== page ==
The profession must now point its radar in the direction of Philip Hammond, the newly appointed Chancellor of the Exchequer. Goodbye Mr Osborne…
He has already confirmed that there will be no emergency budget, phew, and he will make an Autumn Statement in the usual way later this year.
Accordingly, the changes enacted in the Finance Bill will proceed and eventually we will have our Finance Act 2016.
So, business as usual?
Well, Theresa May has indicated that George Osborne’s commitment of reaching a budget surplus in four years’ time is to be scrapped. This is a likely indication that the austerity associated with Mr Osborne is to be relaxed.
Mr Hammond told ITV News: “Markets do need signals of reassurance, they need to know that we will do whatever is necessary to keep the economy on track.”
Mark Carney’s announcement today, that the Bank of England’s monetary policy committee is leaving interest rates unchanged, will be a further boost to the value of stocks and our exchange rate. No change there. Minutes of today’s meeting clarify:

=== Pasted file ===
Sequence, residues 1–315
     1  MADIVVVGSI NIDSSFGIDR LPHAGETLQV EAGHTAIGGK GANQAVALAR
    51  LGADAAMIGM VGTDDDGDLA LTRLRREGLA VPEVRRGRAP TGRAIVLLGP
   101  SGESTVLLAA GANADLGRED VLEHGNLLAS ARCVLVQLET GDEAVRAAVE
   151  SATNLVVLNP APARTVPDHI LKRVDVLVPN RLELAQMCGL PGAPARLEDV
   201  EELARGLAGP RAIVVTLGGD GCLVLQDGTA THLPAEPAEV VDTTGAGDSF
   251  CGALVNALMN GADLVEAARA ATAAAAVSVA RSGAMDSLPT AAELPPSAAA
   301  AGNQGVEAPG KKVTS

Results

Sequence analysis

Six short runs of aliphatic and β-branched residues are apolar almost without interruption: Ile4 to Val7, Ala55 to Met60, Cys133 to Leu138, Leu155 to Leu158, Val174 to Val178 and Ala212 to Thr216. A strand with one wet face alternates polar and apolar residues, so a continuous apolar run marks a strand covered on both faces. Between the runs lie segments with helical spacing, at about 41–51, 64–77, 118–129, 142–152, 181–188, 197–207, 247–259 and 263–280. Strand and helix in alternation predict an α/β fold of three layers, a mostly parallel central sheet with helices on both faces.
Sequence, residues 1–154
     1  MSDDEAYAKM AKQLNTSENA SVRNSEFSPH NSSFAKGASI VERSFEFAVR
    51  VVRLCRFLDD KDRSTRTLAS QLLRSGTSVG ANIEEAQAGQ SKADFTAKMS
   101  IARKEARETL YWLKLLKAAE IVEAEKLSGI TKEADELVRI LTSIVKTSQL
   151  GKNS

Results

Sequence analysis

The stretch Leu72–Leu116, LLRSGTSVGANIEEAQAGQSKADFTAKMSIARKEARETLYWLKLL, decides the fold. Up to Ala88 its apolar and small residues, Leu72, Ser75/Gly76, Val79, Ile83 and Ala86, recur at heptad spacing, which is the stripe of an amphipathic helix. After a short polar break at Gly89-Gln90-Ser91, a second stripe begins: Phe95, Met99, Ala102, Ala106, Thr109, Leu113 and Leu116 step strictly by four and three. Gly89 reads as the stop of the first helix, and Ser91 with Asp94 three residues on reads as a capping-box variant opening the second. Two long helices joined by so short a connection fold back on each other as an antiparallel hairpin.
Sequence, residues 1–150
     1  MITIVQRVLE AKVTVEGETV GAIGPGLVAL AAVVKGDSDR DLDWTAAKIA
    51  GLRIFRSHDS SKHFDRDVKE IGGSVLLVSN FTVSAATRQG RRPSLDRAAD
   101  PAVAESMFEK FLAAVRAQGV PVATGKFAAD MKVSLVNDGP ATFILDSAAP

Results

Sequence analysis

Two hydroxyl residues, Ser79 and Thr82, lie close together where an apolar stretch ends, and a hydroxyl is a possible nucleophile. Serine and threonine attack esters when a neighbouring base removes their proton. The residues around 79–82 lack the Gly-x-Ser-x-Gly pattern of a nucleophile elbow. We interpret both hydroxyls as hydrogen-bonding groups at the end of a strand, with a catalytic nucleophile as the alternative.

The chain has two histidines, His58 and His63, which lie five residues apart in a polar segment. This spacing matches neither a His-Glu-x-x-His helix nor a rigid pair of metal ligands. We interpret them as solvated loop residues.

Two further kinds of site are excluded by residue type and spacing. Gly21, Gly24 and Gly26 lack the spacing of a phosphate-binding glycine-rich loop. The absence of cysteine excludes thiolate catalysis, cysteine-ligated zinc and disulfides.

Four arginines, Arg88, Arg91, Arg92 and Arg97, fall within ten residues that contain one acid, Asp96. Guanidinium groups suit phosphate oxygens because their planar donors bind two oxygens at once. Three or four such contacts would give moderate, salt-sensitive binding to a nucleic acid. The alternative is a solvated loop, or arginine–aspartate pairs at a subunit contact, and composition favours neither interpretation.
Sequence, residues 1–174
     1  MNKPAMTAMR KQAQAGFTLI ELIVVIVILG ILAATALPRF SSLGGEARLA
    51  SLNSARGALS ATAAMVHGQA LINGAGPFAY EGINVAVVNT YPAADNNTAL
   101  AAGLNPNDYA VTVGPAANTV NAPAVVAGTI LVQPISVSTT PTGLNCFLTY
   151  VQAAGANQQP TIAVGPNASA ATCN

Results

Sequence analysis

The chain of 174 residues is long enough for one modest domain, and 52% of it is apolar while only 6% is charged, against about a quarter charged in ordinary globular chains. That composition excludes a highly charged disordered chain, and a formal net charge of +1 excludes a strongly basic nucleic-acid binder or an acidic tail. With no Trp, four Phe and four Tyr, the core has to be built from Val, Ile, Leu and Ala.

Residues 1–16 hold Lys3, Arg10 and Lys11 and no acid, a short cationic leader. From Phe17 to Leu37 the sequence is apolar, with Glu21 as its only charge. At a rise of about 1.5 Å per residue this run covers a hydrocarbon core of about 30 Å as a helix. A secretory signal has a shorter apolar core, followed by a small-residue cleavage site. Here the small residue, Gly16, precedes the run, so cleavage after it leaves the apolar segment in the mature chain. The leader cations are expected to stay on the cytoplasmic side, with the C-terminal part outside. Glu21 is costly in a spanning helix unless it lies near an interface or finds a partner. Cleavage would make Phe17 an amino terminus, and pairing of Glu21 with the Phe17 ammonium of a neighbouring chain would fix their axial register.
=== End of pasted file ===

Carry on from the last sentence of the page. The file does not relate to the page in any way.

“In the absence of a further worsening in the trade-off between supporting growth and returning inflation to target on a sustainable basis, most members of the Committee expect monetary policy to be loosened in August, the precise size and nature of any stimulatory measures will be determined during the August forecast and Inflation Report round.”
For now, practitioners will need to deal with the fiscal regime created by Mr Osborne as we wait to see how Mr Hammond will reshape this landscape later in the year. Let us hope, that at the very least, he manages to push forward with tax simplification.